Market Demand for Play-to-Earn Gaming

One of the common criticisms we hear is that there’s no real demand for blockchain games and that there isn’t a need to make the gaming space more financial than it already is. Does it make sense for play and earn games to exist in the first place? Is there a demand for gamers to be able to generate some money as they play a game? Additionally, is this a result of the hype around play-to-earn gaming?

We would say there is some market demand. There’s demand as seen in Web2 markets – there are all kinds of black markets that have sprung up for kind of facilitating these demands. 

But on the supply side, as well as in terms of people being willing to do these activities, this is an interesting mix of people attracted to it. Gaming enthusiasts are willing to do this and view it as a bonus. But it does also bring in – as seen with Axie – people who are coming in purely on the financial side. 

Hence it is going to be critical for games to set up specifications on who they will allow being the suppliers or the earners in these economies. There is not an endless demand here, so the target audience is not infinite. Therefore, there can only be a limit on how many people might supply these markets. It’ll just be a race to the bottom in terms of competing on price to whatever minimum wage in whatever country can get access to.

With these limitations on who can come in and participate in these markets and then games, game developers could then target certain groups. Right now, we think developers lean towards real players that do enjoy playing the game. In addition to enjoying the games, they can earn financial incentives.

Historically, market demand for P2E games has existed since the 1990s, predating popular games like Dota or Counter-Strike. The demand comes from people’s opportunity cost of participating in the game. 

Let’s say person A earns five dollars an hour and person B earns 50 dollars from their normal jobs. But earnings from playing a game are set at 20 dollars. If you’re person A, you would rather play the game because you would earn more money from playing it. However, if you’re person B, you would rather work your usual job because that pays more. That’s the rational thing to do.

However, if you’re a person B and you want to play with your friends who are like person A, who grinds the game and has high-level accounts, of course, you would prefer to play with your friends. You want to have the money to pay for these accounts and play with your friends or compete for the content that only high-level accounts have access to. 

That’s where the demand is coming from and it’s been happening through like these black and grey market platforms which Web2 games do not fancy their players engaging with.

Web3 has made that transaction much more simple by taking out third-party platforms and introducing ownership through blockchain technology. Hence in the case of Web3, people will spend time on the game if they’re 1. earning more by playing it, or 2. if it’s a fun game.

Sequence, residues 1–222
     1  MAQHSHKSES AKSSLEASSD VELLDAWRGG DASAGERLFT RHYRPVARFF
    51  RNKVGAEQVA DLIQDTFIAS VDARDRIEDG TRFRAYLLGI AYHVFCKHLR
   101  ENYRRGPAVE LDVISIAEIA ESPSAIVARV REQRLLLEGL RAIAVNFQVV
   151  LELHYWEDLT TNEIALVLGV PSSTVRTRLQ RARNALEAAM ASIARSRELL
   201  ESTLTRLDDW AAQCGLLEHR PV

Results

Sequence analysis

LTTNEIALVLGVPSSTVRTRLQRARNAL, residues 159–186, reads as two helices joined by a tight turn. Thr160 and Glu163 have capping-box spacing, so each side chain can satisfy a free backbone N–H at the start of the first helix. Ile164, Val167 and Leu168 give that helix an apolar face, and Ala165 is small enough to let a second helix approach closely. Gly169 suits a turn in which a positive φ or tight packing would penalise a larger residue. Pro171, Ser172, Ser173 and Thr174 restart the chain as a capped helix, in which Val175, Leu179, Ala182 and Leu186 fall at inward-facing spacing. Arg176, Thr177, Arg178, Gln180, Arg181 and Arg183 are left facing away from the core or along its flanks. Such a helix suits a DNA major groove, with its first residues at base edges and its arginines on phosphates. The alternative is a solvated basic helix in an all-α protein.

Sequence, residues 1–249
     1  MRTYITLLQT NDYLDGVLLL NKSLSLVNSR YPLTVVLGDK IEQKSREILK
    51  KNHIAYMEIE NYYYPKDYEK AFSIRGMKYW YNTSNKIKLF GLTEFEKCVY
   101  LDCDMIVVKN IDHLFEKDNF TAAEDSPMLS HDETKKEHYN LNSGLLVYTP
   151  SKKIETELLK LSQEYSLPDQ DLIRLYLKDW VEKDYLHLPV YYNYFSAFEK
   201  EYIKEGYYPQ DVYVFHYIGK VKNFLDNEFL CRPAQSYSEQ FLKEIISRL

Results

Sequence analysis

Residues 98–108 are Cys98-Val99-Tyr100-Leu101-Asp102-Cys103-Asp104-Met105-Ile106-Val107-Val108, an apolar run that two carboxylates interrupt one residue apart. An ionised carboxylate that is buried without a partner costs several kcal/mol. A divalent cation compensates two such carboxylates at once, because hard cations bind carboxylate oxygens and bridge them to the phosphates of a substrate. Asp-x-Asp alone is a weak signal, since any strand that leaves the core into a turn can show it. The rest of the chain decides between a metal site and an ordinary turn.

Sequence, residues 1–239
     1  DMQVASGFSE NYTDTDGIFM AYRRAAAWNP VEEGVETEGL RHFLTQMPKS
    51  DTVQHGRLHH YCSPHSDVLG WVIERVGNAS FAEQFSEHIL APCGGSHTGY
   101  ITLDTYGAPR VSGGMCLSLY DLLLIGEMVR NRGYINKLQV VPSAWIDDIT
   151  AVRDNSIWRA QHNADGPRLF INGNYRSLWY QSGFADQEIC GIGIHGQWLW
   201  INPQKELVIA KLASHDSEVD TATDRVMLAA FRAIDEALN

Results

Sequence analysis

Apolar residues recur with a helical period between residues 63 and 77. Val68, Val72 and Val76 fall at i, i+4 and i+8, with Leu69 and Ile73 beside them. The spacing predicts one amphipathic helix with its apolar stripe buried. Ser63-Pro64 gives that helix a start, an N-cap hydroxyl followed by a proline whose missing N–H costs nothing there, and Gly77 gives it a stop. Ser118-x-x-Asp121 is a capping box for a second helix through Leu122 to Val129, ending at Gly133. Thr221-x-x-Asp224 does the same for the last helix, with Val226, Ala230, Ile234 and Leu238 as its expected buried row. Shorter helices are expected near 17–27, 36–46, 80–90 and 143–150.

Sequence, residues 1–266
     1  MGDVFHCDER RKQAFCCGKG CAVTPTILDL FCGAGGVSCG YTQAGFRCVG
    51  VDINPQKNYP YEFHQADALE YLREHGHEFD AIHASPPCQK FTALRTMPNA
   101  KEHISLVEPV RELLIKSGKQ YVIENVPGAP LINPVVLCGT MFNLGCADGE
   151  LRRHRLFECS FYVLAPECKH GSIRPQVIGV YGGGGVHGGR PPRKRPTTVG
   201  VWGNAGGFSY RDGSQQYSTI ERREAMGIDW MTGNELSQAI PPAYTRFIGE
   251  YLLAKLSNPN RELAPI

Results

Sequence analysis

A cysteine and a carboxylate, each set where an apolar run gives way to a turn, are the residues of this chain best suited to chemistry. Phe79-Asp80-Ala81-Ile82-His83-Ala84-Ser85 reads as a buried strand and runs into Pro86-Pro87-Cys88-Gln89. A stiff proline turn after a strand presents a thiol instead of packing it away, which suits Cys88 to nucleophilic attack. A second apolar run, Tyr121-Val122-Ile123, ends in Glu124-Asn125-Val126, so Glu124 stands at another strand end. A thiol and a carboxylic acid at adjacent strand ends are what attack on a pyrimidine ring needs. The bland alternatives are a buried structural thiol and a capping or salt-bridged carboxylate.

The Future of Token Designs

What will token designs look like five years from now in the blockchain gaming space?

In the future, as technology advances, there’s more exploration around what can be done with blockchain and gaming. We expect to see more on-chain, interoperable games, which will then be connected to the Token. This will be interesting to monitor because game developers would need to set up tokens that can capture more than just the value generated by the game originally intended. They would need to be able to capture the value that is created from objects that are iteratively built on top of base infrastructures.

It is also imperative to look at the regulatory side of things as well, especially in situations where tokens take on a more equity-like aspect in their designs. That area might be constrained to some extent by ongoing regulatory changes. This depends on regional economies and how they would define tokens, cryptocurrency, and blockchain games in general.

We expect token designs to focus more on NFTs as a way to earn similar to how it’s done in Web2 in terms of cosmetics. But people now own these assets so their narrative is similar in the industry. Right now the preference is slowly changing from play-to-earn to play-and-own and we think it will continue to do so within the next five years.

It would be interesting also if more games used off-chain utility currencies since not everything needs to be on-chain, especially when these currencies may be viewed as inflationary. Some projects are doing just that. If those said projects bear any fruit in terms of balancing the economy, we would expect more games to follow in their footsteps. We would just continue to iterate on existing models as we are still in the early stages of the industry, and everything is basically trial and error.

Lastly, we’re going to see a lot of combined Web2 and Web3 aspects where you’ll have a mix of tokens and off-chain currencies, and also a mix of NFTs and off-chain items. Game developers do not have to opt for All or Nothing in terms of these implementations. Having a mix is often crucial to balancing this kind of asset distribution. Not everything has to be tradable, but it’s up to the developers to identify which tokens or assets inside their economy should be tradable. That is where the market would function and create value or demand for a particular item.

Got a question for our authors regarding their article? Contact them at:

Kiefer Zhang | Associate Consultant
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Lorenzo Martin | Junior Associate
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Ps: Check out our Academy if you’re interested to read more about the GameFi space!